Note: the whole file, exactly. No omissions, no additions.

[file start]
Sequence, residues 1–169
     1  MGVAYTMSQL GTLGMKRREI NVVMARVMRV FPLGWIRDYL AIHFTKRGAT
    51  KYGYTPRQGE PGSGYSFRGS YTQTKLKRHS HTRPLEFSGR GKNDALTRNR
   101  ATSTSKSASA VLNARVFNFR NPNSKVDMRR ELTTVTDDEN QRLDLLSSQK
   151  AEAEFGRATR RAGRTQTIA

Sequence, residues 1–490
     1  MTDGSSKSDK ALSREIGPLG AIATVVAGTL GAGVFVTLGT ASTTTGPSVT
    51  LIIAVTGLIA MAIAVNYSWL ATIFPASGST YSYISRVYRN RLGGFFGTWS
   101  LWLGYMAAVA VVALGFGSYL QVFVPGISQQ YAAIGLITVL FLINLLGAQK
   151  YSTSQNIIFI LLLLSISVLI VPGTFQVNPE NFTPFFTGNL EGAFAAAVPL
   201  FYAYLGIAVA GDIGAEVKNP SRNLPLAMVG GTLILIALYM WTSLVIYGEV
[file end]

Sequence, residues 1–169
     1  MGVAYTMSQL GTLGMKRREI NVVMARVMRV FPLGWIRDYL AIHFTKRGAT
    51  KYGYTPRQGE PGSGYSFRGS YTQTKLKRHS HTRPLEFSGR GKNDALTRNR
   101  ATSTSKSASA VLNARVFNFR NPNSKVDMRR ELTTVTDDEN QRLDLLSSQK
   151  AEAEFGRATR RAGRTQTIA

Sequence, residues 1–490
     1  MTDGSSKSDK ALSREIGPLG AIATVVAGTL GAGVFVTLGT ASTTTGPSVT
    51  LIIAVTGLIA MAIAVNYSWL ATIFPASGST YSYISRVYRN RLGGFFGTWS
   101  LWLGYMAAVA VVALGFGSYL QVFVPGISQQ YAAIGLITVL FLINLLGAQK
   151  YSTSQNIIFI LLLLSISVLI VPGTFQVNPE NFTPFFTGNL EGAFAAAVPL
   201  FYAYLGIAVA GDIGAEVKNP SRNLPLAMVG GTLILIALYM WTSLVIYGEV